'the Stranger' and the Absurd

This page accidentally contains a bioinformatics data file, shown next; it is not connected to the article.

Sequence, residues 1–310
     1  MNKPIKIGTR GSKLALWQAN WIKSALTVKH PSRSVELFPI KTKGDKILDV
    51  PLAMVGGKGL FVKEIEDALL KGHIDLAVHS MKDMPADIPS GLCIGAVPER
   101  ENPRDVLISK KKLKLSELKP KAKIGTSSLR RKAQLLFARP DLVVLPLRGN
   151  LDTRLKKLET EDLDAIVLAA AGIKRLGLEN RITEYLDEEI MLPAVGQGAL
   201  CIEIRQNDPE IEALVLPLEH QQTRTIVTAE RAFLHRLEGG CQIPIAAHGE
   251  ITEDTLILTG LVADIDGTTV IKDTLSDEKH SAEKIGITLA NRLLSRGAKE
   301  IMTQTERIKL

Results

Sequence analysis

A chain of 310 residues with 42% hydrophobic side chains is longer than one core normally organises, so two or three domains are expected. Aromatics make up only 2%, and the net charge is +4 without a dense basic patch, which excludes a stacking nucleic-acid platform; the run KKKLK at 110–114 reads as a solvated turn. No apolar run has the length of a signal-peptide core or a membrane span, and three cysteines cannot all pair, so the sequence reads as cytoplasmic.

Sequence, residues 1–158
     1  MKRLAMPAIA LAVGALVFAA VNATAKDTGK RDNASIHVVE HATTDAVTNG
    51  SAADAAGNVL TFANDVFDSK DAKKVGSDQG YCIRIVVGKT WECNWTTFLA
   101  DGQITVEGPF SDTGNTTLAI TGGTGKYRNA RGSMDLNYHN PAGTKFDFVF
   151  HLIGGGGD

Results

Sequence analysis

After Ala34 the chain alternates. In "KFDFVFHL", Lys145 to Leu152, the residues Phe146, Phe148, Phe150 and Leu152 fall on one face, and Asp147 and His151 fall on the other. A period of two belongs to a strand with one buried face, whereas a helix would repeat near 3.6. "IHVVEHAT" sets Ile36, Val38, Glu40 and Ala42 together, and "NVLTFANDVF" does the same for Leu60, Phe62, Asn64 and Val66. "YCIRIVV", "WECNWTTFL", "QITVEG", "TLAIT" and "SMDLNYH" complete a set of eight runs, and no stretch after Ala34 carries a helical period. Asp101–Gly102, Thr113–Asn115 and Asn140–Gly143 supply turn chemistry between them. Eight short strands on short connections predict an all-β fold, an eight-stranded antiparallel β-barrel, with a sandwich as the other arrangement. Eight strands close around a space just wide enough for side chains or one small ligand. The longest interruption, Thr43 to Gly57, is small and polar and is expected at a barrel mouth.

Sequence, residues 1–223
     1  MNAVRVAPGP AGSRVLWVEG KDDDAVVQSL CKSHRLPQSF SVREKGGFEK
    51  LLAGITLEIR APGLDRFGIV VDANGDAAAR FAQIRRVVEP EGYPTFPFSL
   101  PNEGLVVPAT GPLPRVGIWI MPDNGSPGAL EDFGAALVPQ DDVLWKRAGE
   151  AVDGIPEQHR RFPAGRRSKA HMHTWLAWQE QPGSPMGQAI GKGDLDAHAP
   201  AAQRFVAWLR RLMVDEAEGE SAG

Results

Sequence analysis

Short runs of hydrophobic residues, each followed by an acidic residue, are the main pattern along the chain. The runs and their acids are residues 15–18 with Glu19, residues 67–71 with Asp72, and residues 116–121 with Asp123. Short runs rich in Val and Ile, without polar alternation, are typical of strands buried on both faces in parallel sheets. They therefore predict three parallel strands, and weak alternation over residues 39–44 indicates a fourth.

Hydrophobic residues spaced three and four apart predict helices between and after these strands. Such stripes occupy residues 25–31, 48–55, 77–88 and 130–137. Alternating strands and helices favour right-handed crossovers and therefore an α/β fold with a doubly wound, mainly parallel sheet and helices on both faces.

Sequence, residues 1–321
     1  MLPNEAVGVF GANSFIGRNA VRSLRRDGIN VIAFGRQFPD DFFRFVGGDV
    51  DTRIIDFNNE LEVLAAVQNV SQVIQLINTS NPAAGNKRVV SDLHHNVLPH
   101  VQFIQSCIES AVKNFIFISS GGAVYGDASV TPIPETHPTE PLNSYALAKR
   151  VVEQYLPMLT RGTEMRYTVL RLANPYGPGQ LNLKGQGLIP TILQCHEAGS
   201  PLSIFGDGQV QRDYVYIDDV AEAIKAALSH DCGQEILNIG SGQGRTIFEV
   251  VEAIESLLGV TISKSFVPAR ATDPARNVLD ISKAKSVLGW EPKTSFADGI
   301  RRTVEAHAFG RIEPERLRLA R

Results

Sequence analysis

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The Stranger is heavily rooted in philosopher Albert Camus’ theory of the absurd: the notion that human life has no definable purpose, and while the pursuit of an intrinsic meaning to life and the universe holds value, it will inevitably prove futile. Meursault, Camus’ protagonist, lives his life according to these tenets, however unwittingly, and for the majority of the novel reacts only to concrete, sensory things, showing neither understanding nor interest in more abstract societal constructs. Grief, guilt, passion and morality are foreign concepts to Meursault, but it is only through the prospect of impending death that he realizes that he lives in a separate world from the rest of society, where his perceptions and beliefs about the meaning of life are not scorned and decried. In his world, the arbitrary nature of life is something just as beautiful as a life with divine significance. The benign apathy exhibited in the novel’s first lines is an early indicator of the course of Meursault's character; after reading the telegraph, his first reaction is not one of sadness or remorse or pain, but of stark pragmatism. After reading of her impending funeral, Meursault declares, “That doesn’t mean anything,” since the telegram could have been sent any day (pg. 3). There’s no indication of his reaction to the death, only to the potential futility of trying to attend her funeral when it may have already occurred. Meursault doesn’t have any deeper emotional reaction, and when he mentions his mother throughout the book, he cannot muster any of the typical emotions associated with the death of a family member. While at the home, Meursault enjoys being told by the caretaker about the need for a quick burial, saying that he “thought what he’d been saying was interesting and made sense” (p. 8). Never mind that the caretaker’s wife reprimanded him for speaking of such things in front of a man whose mother was lying dead in the next room. Unlike a “normal” person, who would...
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